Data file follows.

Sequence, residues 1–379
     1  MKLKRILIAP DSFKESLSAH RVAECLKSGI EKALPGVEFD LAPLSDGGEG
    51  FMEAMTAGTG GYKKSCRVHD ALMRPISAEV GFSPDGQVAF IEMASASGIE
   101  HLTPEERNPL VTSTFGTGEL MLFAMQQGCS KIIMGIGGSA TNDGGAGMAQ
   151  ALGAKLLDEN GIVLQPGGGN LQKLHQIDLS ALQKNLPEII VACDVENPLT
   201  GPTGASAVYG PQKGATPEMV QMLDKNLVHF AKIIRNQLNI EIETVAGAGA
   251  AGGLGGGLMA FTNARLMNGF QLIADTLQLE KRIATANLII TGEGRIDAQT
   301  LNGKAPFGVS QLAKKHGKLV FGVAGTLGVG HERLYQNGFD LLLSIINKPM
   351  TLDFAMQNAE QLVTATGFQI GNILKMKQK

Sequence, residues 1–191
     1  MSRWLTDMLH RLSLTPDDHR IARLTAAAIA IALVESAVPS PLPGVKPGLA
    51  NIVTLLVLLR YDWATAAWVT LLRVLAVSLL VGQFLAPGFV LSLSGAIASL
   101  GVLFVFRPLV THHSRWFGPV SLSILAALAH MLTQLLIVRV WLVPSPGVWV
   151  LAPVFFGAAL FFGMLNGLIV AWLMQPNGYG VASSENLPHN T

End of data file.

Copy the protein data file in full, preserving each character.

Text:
Sequence, residues 1–379
     1  MKLKRILIAP DSFKESLSAH RVAECLKSGI EKALPGVEFD LAPLSDGGEG
    51  FMEAMTAGTG GYKKSCRVHD ALMRPISAEV GFSPDGQVAF IEMASASGIE
   101  HLTPEERNPL VTSTFGTGEL MLFAMQQGCS KIIMGIGGSA TNDGGAGMAQ
   151  ALGAKLLDEN GIVLQPGGGN LQKLHQIDLS ALQKNLPEII VACDVENPLT
   201  GPTGASAVYG PQKGATPEMV QMLDKNLVHF AKIIRNQLNI EIETVAGAGA
   251  AGGLGGGLMA FTNARLMNGF QLIADTLQLE KRIATANLII TGEGRIDAQT
   301  LNGKAPFGVS QLAKKHGKLV FGVAGTLGVG HERLYQNGFD LLLSIINKPM
   351  TLDFAMQNAE QLVTATGFQI GNILKMKQK

Sequence, residues 1–191
     1  MSRWLTDMLH RLSLTPDDHR IARLTAAAIA IALVESAVPS PLPGVKPGLA
    51  NIVTLLVLLR YDWATAAWVT LLRVLAVSLL VGQFLAPGFV LSLSGAIASL
   101  GVLFVFRPLV THHSRWFGPV SLSILAALAH MLTQLLIVRV WLVPSPGVWV
   151  LAPVFFGAAL FFGMLNGLIV AWLMQPNGYG VASSENLPHN T